The Residential Tenancies Act says that “A landlord is responsible for providing and maintaining a residential complex, including the rental units in it, in a good state of repair and fit for habitation and for complying with health, safety, housing and maintenance standards.”

    This obligation does not change even if the tenant has agreed to accept a unit “as is,” or was aware of a problem when they moved in, or even if the lease says something else about repairs and maintenance. The landlord is always responsible for repairs.

    In most parts of the province, property standards are in place that landlords must follow. These can vary depending on where the property is located, but could include rules around garbage, heat, pest management, exits and the number of people who can live in a unit. In locations where no local property standards by-law exists, the provincial Regulation 517/06: Maintenance Standards applies.

  • Pest control and management

    Pest control is a normal part of maintenance that all landlords must carry out, and the interior and exterior of all properties must be kept clear of pests.

    In Toronto, large apartment buildings have higher standards for pest control. In those buildings, once a landlord becomes aware of pests, they must:

    • Eliminate pests and prevent their spread into other areas of the property.
    • Inspect the common areas of the property at least once every 30 days.
    • Inspect any area where the presence of pests has been reported, within 72 hours of receiving that information.
    • Keep pest management records and post them on tenant notification boards.
    • Not rent any unit with pests to new tenants.

    Further, Toronto landlords of apartment buildings with three or more storeys and ten or more units must post pest management plans including documentation of pest control services, a schedule, service standards, and product information related to pest control activity.

    Tenants must allow their landlord or a pest control company to do their job so that pest control treatment can be done. For instance, this might include the tenant preparing their unit for treatment by moving furniture away from the wall or allowing a pest control company to enter their unit. If a tenant needs help to prepare their unit, they should tell their landlord. If they need help because of a disability, the landlord must accommodate them.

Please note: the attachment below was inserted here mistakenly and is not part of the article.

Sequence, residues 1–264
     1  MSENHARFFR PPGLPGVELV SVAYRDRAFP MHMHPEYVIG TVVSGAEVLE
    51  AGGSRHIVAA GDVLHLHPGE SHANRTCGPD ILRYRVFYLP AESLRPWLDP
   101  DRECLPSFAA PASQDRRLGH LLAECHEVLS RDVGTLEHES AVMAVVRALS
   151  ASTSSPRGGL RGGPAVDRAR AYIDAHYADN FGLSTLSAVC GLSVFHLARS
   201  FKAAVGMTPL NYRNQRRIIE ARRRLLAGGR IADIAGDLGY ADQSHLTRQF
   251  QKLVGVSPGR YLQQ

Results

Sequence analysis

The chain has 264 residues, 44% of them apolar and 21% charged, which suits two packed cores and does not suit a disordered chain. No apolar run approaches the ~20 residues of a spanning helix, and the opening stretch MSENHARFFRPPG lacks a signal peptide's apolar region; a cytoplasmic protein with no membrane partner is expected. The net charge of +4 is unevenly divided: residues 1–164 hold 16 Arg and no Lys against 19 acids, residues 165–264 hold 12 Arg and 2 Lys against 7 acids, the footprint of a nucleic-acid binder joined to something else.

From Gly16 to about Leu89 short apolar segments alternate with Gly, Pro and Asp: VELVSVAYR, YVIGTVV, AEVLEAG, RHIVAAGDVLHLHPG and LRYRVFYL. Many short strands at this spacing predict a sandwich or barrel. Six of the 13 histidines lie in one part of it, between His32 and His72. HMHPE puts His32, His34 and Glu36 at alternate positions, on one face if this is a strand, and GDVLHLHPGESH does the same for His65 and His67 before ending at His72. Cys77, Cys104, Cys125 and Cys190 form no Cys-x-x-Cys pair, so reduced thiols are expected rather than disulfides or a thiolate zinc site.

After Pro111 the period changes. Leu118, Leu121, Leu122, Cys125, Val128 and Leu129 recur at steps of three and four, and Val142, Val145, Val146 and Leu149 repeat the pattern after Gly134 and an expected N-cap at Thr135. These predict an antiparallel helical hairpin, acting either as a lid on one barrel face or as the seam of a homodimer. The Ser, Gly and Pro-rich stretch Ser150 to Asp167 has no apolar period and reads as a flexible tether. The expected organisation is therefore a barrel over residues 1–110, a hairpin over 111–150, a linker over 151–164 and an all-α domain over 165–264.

• Heating and air conditioning

    Requirements around the exact temperature and dates that units should be heated vary across Ontario and also depend on the type of housing. The standard temperature is around 20 degrees. In Toronto, rental units must be kept at a minimum of 21 degrees from September 15 – June 1. This rule does not apply to common areas.

    If air conditioning is provided by the landlord and the air conditioning unit breaks, the landlord must repair it at their own cost because the air conditioner is considered to be part of the rental unit.

    The rules around maintaining an air conditioner are much more complicated if the air conditioner is not provided by the landlord, but the tenant wants it. The first step is to look at the lease. If the lease does not mention an air conditioner, the tenant is allowed to have one. The landlord could require that the air conditioner be safely installed, for instance by a professional. If the lease says that the tenant needs permission to have air conditioning, the tenant is required to get permission from the landlord before installing an air conditioner.

    Whether or not a landlord can charge a fee for air conditioning depends on who pays for electricity. If the tenant pays for electricity, the landlord cannot charge a fee for air conditioning. If the landlord provides electricity in the lease, the landlord can charge the tenant a fee for air conditioning. The amount charged cannot be more than the actual cost to the landlord and it must be “reasonable.”

    Sometimes air conditioning is necessary as an accommodation for a tenant’s disability. For instance, a tenant’s asthma could be exacerbated by heat and an air conditioner could be an appropriate accommodation. In that case, the landlord may have to pay for the cost of the air conditioner, the electricity, or both.